Massachusetts expands 'assault weapons' ban

Massachusetts Attorney General Maura Healey has issued a statement that she will add guns that have been modified to comply with the state’s ban on so-called assault weapons to the list of prohibited firearms.  In her announcement, she said, “Gun manufacturers have manufactured these weapons as legal versions of prohibited guns.  These weapons are illegal. They are copies or duplicates of banned weapons, and they cannot be bought or sold in Massachusetts.”  In her editorial for The Boston Globe, she explained that any firearm that has the same operating system as a banned gun will also be illegal to sell within her jurisdiction.

In other words, there are no more Massachusetts-compliant AR-15s or AK-47s.  The state’s law forbids purchase of any semiautomatic firearm with a naughty set of features, including barrel shrouds or folding or telescoping stocks.  Several weapons are banned by name.  The attorney general’s opinion here now declares that as long as the gun has the same mechanism internally, the cosmetic features are irrelevant.

We who support gun rights have been pointing this out for a long time, but we meant that bans make no sense.  Healey has decided that if she can prohibit one example in a group, she might was well prohibit the whole category.  When someone tells you that no one wants to ban guns, here’s yet another name to add to the long list of supposed nobodies.

This, by itself, would be bad enough.  But any time one of the repressive states imposes some new burden on the law-abiding, the advocates of control swoop in to celebrate.  One example of this is to be found on the blog of Mike Weisser, a writer for The Huffington Post who is referred to there as The Gun Guy.  In his article, “It’s About Time: Maura Healey Takes Aim At Assault Weapons And Scores A Bullseye,” Weisser goes through the details of the new extent of regulations, crowing that

Maura Healey’s announcement is a resounding shot across the bow because it sweeps away the rhetorical nonsense cynically foisted on the public to disguise the fact that some guns are simply too dangerous to be put in anyone’s hands. Which is why the AR is not a sporting rifle, because no sporting gun requires a magazine that holds 30 rounds.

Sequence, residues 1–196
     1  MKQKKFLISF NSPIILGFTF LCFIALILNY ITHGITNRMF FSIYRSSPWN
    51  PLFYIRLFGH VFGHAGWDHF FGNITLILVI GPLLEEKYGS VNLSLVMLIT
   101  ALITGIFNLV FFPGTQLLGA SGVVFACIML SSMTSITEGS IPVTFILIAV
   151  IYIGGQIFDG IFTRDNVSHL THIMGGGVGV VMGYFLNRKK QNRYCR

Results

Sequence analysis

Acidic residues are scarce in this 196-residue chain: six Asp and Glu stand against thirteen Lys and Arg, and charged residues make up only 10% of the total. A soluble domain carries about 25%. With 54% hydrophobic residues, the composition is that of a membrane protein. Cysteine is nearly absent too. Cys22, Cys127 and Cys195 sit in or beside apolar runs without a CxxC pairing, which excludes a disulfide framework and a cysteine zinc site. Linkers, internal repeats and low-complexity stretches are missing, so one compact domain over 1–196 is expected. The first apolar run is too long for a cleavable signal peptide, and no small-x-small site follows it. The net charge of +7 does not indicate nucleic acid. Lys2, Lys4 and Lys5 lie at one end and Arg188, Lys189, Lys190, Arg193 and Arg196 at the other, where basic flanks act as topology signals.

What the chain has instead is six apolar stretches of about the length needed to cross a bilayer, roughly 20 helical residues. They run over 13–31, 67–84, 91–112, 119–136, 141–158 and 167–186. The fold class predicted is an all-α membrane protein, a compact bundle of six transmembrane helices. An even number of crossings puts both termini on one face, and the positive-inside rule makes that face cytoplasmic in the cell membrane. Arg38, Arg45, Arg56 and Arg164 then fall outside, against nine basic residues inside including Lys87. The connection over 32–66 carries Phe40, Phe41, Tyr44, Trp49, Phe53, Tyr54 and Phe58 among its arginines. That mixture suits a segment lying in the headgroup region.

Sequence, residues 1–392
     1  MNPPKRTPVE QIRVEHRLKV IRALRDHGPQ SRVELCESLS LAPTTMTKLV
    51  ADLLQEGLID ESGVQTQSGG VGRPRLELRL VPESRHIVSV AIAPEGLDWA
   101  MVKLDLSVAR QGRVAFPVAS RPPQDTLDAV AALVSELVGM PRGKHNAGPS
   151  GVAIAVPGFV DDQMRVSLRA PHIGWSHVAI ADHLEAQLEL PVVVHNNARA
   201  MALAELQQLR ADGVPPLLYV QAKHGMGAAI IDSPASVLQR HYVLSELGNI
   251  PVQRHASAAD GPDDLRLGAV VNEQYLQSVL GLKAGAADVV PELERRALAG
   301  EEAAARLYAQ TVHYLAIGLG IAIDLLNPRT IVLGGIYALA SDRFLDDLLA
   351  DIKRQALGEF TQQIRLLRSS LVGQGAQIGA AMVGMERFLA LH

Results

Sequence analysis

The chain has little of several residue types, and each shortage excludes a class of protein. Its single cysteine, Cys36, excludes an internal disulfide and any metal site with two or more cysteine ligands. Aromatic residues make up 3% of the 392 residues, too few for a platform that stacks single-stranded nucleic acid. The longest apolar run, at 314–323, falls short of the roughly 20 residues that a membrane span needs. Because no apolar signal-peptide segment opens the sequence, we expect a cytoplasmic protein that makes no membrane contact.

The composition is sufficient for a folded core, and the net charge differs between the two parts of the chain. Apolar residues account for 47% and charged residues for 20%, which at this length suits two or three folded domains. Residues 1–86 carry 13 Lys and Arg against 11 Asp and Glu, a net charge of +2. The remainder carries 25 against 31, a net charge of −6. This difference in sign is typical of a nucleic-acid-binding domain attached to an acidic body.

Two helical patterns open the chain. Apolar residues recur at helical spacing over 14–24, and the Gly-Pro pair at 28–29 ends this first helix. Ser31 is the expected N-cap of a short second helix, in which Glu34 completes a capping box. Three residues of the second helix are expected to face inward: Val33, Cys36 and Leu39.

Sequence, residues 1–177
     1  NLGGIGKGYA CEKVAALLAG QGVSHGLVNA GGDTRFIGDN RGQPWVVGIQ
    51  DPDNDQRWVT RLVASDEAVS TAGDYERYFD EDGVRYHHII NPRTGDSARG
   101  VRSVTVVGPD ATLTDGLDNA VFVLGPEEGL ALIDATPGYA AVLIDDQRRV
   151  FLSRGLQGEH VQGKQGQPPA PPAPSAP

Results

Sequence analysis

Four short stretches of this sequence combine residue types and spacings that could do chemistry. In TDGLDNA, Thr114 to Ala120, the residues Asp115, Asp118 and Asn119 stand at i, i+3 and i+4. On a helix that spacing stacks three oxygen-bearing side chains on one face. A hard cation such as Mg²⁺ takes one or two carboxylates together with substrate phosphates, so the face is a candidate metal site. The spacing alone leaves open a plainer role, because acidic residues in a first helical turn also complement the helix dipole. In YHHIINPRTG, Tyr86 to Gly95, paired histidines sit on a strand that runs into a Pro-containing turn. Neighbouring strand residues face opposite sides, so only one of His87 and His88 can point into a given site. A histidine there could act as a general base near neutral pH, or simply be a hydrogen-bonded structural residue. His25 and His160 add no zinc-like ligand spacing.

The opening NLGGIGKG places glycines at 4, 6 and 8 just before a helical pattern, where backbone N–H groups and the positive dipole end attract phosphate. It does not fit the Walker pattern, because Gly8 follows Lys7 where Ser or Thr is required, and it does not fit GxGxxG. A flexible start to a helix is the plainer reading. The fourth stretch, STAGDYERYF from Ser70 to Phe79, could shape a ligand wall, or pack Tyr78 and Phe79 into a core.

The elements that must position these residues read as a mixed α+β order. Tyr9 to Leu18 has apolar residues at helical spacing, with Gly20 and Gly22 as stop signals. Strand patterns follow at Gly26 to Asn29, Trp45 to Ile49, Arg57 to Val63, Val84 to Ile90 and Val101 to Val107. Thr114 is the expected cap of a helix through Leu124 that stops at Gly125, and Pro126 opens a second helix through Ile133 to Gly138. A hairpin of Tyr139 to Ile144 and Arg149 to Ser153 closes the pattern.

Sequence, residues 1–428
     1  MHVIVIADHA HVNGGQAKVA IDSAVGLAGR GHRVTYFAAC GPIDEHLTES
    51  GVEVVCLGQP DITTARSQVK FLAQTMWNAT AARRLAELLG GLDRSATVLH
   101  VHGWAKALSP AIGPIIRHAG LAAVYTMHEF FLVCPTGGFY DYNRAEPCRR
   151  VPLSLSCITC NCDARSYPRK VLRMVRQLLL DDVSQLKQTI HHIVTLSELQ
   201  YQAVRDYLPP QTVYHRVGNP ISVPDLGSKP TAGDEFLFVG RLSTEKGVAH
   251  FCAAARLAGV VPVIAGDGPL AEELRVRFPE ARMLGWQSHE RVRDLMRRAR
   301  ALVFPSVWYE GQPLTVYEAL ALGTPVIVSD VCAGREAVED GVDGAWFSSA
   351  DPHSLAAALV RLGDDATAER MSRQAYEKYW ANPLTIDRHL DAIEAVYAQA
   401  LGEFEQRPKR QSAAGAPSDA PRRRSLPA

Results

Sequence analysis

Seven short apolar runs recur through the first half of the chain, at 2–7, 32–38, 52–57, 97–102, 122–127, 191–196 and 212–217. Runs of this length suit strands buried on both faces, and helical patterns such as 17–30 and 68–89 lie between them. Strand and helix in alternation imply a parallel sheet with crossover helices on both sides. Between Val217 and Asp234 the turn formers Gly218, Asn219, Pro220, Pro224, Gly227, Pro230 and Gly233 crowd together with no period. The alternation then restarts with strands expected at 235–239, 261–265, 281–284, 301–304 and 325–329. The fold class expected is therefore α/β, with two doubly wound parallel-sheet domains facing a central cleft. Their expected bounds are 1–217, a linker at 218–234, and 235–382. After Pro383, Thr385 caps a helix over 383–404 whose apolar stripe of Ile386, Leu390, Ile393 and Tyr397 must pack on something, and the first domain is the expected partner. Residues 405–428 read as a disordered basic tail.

An M1 Garand is currently legal in Massachusetts, since while it has evil features like a bayonet lug, it lacks a detachable magazine.  Given the continual confusion about magazines and clips among the opponents of rights, the Garand’s status may be in doubt, but I’d expect a self-professed gun guy to understand that a rifle chambered in .30-’06 that allows rapid reloading in between each group of eight shots is no slouch with regard to power.  And the ones available to the public are genuine military rifles, retaining all the features that made General Patton express such appreciation for them.  Whatever a “sporting rifle” might be, the M1 was made for something else.

And the Second Amendment protects the fundamental right of all of us to own an M1, an AR-15, and the many other classes of firearms, allowed or not by the Bay State.  But the worst part of Weisser’s article is his opener:  “If you own an assault rifle you can keep it (thank goodness because I own three).”  Note the insufferable smugness in that statement.  He has not just one gun now banned for sale, but three, and while he regards himself as a worthy owner, if you live in Massachusetts and are a newcomer to guns, you’re simply not good enough in his view to buy any of your own.

Rules for thee, but not for me—I’d ask if there has been a clearer example of this arrogant position, but I’ve seen many in the years that I’ve been studying the subject.  I don’t know if people like Weisser are even aware of themselves when they speak in this manner.  Some probably have their noses stuck so far up in the clouds that they have no clue, but others clearly enjoy looking down on the little people who must obey the laws that their betters can ignore.

The greatest mystery is why gun control advocates feel that arrogance is an effective attitude to present to the American people.  Whatever their reasoning may be, it’s our job to make sure that their demands never become the law of the land.

The views and opinions expressed in this post are those of the author’s and do not necessarily reflect the position of

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